What agencies want from their freelancers

How to thrive as a freelancer – the view from inside the agency

Let’s face it, freelancing has its freedom perks; there’s scope to set your own timetable and even where you work. But life away from the reliability of a permanent role needs working at. Securing clients is more than likely your biggest challenge, and regular repeat work the treasure you’re seeking.

So, what do agencies look for in their freelance copywriters? How do they like to be approached? And which are the agencies worth working for? I’ve been quizzing some creative industry pros to find out how to start, build and retain quality freelancer/agency relations.

“The best part of working with freelancers is when they bring a fresh idea to the table or put a spin on something that then transforms it into something better.”

So says Simon from Studio La Plage (SLP).

Being a fresh voice to a project is one of the better parts of freelancing. And like many agencies, SLP typically looking for freelancers to help their in-house copywriting team meet unexpected demand, or to deliver a specific skillset to meet part of the brief. So, as a freelancer, it’s your job to show how compatible you are with the project you’re pursuing.

Here’s how best to do it…

Top 7 ways to speak ‘agency’

When asking agencies what they want from freelancers, patterns quickly emerge. What it creates for you is a wish list to work from when pitching for that brief that’s come in from out of the blue. Giving an agency what it’s looking for could see you on their books and hired again and again.

In no particular order (except for the first one!) here’s your 7 Top Agency Likes for freelance copywriters:

Creative ability

You can understand that this is a biggie. Be honest. Do you have the experience, vocabulary and understanding to write what’s needed.


No yoga moves needed for this one. Just the ability to meet the needs of the agency, their client and the project. You don’t always have to be right.


Find out about deadlines and be clear if you can or can’t meet them. They don’t need to know you’re pulling an all-nighter to get the work done, just don’t miss that deadline.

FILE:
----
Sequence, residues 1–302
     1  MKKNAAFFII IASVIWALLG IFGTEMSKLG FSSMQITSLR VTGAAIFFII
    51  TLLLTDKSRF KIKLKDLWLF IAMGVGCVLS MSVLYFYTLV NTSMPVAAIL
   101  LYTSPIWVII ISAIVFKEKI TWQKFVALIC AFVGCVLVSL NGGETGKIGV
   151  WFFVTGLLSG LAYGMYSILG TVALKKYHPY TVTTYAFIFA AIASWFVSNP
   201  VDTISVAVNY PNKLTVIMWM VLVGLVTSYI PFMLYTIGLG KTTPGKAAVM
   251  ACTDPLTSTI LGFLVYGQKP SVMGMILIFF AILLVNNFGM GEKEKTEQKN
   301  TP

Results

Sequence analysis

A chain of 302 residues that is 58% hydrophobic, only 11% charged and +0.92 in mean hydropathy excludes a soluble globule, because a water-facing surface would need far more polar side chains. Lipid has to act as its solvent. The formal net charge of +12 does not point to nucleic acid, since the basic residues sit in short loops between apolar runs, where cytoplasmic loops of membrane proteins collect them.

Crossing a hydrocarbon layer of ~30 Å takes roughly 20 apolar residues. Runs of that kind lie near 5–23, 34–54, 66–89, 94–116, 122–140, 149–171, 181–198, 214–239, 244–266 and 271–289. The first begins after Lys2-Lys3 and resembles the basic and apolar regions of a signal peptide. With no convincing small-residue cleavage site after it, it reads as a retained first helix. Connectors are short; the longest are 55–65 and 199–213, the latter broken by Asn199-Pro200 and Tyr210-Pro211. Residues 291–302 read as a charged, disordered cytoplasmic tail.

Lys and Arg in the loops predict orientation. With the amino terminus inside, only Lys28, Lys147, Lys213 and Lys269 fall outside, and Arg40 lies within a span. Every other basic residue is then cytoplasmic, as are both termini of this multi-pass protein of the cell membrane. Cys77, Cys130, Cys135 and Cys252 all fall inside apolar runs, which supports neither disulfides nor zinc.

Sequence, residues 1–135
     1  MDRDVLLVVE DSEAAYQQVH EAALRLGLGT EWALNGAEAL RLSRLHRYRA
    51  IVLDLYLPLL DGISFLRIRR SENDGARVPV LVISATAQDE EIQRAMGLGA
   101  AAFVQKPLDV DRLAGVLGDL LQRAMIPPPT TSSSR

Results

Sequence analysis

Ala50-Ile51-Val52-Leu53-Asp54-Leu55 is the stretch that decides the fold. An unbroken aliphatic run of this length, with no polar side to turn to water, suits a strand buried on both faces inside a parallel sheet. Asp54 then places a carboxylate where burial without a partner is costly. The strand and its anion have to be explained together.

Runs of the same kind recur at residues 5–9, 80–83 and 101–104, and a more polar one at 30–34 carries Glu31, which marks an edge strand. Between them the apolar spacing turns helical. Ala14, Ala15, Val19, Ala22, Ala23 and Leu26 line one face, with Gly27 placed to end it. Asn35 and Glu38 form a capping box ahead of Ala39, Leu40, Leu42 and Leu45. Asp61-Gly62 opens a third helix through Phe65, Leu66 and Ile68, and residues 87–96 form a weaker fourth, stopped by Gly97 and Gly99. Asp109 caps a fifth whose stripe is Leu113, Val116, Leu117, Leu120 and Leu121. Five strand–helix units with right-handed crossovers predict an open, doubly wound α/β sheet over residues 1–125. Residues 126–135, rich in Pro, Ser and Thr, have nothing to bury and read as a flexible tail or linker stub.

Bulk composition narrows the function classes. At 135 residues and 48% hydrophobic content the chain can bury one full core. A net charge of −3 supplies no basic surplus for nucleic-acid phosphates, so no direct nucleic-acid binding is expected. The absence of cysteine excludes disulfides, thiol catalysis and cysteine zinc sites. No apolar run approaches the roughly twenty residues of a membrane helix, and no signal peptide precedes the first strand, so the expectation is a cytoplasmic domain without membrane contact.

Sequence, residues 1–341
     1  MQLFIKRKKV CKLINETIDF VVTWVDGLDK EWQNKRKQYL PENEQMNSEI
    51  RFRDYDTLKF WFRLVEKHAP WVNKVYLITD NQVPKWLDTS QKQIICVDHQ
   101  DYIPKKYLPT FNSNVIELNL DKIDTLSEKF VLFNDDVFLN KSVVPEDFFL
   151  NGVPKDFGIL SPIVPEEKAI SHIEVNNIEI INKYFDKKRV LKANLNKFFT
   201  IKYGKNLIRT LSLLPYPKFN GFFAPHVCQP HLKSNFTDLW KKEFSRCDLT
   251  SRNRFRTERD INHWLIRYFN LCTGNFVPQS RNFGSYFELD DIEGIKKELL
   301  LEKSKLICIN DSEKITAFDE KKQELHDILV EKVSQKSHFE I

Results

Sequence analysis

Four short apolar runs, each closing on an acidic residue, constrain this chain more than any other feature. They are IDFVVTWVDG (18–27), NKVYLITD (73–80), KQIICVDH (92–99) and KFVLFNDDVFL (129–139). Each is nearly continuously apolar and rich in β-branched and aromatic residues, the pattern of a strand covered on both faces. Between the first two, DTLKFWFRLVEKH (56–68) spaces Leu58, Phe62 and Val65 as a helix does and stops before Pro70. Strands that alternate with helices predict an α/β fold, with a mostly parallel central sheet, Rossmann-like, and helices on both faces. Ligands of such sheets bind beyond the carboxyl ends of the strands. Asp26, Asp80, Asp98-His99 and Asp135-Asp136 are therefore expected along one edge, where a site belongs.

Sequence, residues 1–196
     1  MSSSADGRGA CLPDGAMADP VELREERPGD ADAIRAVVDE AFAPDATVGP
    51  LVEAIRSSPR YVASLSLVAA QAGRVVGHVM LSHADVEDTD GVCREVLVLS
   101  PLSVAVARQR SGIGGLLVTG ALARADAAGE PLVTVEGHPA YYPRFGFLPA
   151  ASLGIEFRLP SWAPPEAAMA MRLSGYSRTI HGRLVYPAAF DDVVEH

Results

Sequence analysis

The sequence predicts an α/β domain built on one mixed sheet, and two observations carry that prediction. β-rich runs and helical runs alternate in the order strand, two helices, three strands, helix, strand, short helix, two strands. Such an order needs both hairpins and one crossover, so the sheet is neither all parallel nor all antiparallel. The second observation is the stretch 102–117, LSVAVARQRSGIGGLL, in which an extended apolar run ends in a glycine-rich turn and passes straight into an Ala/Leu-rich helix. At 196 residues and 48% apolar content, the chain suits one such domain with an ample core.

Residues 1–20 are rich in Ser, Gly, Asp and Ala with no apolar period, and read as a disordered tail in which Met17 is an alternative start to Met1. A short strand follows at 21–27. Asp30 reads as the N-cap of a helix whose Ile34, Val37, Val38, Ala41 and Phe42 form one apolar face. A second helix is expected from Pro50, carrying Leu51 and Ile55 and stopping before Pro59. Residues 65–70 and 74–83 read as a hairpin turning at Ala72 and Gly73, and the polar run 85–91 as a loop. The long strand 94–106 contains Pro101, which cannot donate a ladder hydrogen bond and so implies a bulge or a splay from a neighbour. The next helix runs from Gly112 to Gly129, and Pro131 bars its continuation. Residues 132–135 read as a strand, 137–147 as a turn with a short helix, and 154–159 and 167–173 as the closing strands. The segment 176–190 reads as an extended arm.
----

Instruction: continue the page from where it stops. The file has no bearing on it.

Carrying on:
Regularly share updates on how the work is going and respond to client questions as quickly as you can. Ask for help if the brief isn’t clear and talk openly about your own experience.


Show every client your commitment and act as if they are your only one. The project is immensely important to them, so show it matters to you too.


Each agency has its own way of doing things. Be willing to listen and mould yourself to their ways of working. It’s not all about you.

Be a real team player

You’ll be working with a wide range of personalities on a project so it’s your job to fit in with them. Let any office politics wash over you and resist taking sides.

Show ‘em what you’re made of

It seems that an online portfolio, and nothing necessarily whizzier, is still a useful tool for showcasing and explaining past projects. Have a broad selection of work examples ready but only share them when you’re clear what the agency is looking for. It’s always about showing you’re the best possible fit for every individual brief that comes across your desk.

“The quality of work is obviously the most important thing to help freelancers build ongoing relationships with an agency, but the journey between brief and final delivery is just as important. If those two things are right, then the relationship should be golden.”Simon, SLP